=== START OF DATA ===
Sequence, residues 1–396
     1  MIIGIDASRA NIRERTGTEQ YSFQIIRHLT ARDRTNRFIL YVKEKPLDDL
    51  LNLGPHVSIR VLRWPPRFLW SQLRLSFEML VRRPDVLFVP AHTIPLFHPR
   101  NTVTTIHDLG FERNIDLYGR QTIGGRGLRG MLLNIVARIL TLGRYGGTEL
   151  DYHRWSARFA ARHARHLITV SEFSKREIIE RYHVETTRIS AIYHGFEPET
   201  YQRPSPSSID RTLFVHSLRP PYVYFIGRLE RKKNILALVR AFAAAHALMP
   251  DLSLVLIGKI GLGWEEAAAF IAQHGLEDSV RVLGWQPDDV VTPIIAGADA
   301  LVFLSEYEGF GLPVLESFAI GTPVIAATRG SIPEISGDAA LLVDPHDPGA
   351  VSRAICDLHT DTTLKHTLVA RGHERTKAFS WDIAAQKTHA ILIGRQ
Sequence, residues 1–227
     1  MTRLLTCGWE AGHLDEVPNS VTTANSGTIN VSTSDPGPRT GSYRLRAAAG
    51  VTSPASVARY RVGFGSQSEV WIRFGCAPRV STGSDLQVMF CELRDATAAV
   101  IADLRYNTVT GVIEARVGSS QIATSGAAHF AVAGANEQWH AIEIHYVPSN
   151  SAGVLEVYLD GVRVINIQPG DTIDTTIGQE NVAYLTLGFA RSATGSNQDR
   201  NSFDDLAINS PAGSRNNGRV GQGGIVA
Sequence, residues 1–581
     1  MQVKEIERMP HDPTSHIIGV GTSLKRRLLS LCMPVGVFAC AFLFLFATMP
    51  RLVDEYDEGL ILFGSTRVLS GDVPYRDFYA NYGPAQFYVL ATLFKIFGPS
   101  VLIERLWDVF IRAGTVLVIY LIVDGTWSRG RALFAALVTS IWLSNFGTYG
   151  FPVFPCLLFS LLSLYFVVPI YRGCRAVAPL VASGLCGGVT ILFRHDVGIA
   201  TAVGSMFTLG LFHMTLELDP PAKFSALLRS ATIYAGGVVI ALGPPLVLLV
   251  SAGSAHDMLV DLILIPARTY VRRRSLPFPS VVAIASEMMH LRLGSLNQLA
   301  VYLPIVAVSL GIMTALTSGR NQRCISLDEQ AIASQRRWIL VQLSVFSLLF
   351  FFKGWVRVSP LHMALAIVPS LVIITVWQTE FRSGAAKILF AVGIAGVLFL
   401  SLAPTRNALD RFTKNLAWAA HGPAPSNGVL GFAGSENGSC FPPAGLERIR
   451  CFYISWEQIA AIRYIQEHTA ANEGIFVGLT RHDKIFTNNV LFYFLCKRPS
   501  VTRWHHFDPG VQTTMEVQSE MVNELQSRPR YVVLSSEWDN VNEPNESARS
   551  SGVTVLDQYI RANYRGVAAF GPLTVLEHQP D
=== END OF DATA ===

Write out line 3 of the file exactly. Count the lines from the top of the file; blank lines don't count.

    51  LNLGPHVSIR VLRWPPRFLW SQLRLSFEML VRRPDVLFVP AHTIPLFHPR